A material microengineered to mimic the microlense-covered skeleton of the brittlestar – a cousin of the starfish. Learn more...
Created by a process of hierarchical self-assembly -- the process that allows molecules to make cells, cells to make tissues, and tissues to give rise to whole organisms -- living materials can grow, move, learn, and self-organize. They are responsive, adaptive, programmable, and self-healing; they can be stronger than steel, and better "engineered" than a suspension bridge. Scientists have only just begun to tap into the potential they present.
Researchers at the Wyss Institute have already uncovered key design principles that Nature uses to build living things. Some study simple creatures, such as the lowly sea-sponge, which creates an optical fiber far stronger and more resilient than commercially produced fibers. Others have discovered how living cells control their shape and function by balancing tension and compression between molecular struts and strings within their 'cytoskeleton,' just like bones and muscles do in our body. This form of architecture known as a tensegrity, which optimizes strength and resilience for given amounts of building material, is seen in all forms of living materials from viruses to insects, and it is already being applied to meet challenges in application areas ranging from nanotechnology to robotics.
Engineered elastic strips with heart cells that can contract freely. Learn more...
Natural materials are also uniquely multifunctional in that they can serve simultaneously as mechanical frameworks, chemical factories, light-conducting conduits, electric field generators, energy harvesters, and information processing networks. This multifunctionality is something Wyss researchers are trying to recreate in their own materials. Some Institute engineers are designing translucent walls of buildings that allow fresh air to pass through windows in warm weather, provide insulation when it is cold, and harness energy from the wind passing through. Others are creating nanoparticles that can be programmed to self assemble into scaffolds that bind growth factors, promote cell adhesion, and induce tissue regeneration when injected into the body and targeted to injury sites.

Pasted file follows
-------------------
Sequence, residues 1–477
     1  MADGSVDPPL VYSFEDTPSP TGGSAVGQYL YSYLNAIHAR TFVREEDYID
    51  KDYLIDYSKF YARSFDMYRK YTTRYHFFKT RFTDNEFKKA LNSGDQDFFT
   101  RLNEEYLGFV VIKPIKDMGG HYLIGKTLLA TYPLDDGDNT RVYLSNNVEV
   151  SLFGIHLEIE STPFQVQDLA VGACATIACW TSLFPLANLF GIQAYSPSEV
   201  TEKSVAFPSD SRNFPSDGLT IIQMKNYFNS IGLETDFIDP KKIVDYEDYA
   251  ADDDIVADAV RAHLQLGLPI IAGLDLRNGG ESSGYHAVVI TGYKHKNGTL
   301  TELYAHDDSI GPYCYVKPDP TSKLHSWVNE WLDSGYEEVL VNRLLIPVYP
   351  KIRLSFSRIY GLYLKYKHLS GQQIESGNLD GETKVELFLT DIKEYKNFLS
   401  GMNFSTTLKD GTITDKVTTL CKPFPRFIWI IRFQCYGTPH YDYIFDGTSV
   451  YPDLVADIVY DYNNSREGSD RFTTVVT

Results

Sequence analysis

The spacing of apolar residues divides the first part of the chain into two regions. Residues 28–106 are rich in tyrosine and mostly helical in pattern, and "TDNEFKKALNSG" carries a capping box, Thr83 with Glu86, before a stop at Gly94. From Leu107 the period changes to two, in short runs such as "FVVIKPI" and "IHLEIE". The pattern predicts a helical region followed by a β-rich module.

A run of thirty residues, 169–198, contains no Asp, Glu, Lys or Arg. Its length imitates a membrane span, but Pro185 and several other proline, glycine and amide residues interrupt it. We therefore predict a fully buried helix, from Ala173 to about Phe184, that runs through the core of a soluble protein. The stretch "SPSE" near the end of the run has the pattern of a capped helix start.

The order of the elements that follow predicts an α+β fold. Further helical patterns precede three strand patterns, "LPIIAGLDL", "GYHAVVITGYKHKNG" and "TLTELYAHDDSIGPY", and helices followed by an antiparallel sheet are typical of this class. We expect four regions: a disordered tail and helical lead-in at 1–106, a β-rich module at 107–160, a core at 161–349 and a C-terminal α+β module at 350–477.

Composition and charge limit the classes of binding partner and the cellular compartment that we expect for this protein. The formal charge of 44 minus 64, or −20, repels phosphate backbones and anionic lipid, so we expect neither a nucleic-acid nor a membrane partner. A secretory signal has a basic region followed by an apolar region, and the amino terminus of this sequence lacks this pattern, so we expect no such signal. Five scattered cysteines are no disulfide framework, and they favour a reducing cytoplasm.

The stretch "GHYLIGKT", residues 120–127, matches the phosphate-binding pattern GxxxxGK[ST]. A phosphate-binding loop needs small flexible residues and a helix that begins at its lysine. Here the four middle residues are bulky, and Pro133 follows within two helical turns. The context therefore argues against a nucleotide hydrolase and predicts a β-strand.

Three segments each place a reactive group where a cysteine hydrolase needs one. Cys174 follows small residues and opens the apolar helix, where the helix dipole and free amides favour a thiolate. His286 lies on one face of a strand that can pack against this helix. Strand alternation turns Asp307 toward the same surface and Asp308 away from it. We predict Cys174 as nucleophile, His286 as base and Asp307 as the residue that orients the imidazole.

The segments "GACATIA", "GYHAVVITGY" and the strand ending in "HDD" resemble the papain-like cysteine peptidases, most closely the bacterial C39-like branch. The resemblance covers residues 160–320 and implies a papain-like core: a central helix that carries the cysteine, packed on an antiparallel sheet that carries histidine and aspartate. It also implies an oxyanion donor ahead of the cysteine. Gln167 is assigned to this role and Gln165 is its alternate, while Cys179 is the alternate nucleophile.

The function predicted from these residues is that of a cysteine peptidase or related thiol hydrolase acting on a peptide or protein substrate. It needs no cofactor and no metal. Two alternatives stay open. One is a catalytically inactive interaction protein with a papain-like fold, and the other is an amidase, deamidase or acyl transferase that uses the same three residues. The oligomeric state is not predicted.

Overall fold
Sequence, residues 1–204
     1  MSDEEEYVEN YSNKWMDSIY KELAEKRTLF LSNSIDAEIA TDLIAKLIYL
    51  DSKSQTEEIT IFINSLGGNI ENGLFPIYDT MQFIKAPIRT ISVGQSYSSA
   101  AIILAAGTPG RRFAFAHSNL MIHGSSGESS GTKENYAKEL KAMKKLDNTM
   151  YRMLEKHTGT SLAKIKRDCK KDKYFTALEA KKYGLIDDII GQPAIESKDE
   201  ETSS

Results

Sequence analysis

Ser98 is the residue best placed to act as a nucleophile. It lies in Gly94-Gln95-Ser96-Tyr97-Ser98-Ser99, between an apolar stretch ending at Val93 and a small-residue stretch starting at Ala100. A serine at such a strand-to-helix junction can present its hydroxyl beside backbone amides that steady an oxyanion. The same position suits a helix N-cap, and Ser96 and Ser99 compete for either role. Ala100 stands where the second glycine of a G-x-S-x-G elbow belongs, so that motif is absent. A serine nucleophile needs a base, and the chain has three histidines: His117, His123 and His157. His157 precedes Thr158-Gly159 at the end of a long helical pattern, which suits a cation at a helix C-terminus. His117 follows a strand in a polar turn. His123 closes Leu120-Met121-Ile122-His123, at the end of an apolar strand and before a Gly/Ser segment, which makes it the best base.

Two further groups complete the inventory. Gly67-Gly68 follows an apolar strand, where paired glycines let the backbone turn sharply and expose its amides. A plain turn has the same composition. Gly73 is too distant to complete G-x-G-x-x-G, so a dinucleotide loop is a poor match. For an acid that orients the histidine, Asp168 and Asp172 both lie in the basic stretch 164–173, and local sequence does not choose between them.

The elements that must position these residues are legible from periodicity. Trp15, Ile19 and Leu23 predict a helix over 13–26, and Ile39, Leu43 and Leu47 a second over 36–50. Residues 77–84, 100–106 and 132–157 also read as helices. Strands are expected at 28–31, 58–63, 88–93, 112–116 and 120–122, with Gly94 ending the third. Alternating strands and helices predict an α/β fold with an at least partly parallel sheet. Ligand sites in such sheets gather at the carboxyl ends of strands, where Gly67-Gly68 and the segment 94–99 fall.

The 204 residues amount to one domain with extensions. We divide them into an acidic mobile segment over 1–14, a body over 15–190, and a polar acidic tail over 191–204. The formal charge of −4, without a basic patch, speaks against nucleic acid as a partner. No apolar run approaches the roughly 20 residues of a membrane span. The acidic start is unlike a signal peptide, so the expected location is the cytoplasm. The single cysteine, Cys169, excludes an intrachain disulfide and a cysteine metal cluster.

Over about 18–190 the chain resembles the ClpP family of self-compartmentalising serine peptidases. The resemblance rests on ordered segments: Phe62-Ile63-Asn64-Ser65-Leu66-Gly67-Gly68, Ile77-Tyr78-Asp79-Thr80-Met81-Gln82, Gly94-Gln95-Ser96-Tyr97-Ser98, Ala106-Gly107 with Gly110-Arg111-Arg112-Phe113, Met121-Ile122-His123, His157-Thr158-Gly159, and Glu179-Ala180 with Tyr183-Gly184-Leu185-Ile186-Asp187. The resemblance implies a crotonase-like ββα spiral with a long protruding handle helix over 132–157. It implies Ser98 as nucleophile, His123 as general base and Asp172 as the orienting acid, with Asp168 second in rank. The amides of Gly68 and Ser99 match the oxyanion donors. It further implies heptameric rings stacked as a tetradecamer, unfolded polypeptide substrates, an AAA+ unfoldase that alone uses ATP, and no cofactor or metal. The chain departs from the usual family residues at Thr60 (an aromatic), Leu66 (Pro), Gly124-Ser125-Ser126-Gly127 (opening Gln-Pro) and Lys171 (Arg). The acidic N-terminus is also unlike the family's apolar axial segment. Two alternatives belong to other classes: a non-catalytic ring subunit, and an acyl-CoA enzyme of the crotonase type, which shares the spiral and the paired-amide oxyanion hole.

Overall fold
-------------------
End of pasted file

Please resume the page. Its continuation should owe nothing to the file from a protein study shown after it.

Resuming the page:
Still, efforts to understand and apply engineering lessons from living systems to create artificial materials face enormous challenges. The functions of a beating heart, for instance, are dependent on precise chemical, electrical, and mechanical activities that must be coordinated in time and space at multiple levels of complexity, from individual molecules to whole organs. Understanding and emulating these activities in materials that serve human needs requires collaboration among scientists, engineers, and clinicians from diverse disciplines, which is precisely what the Wyss Institute provides.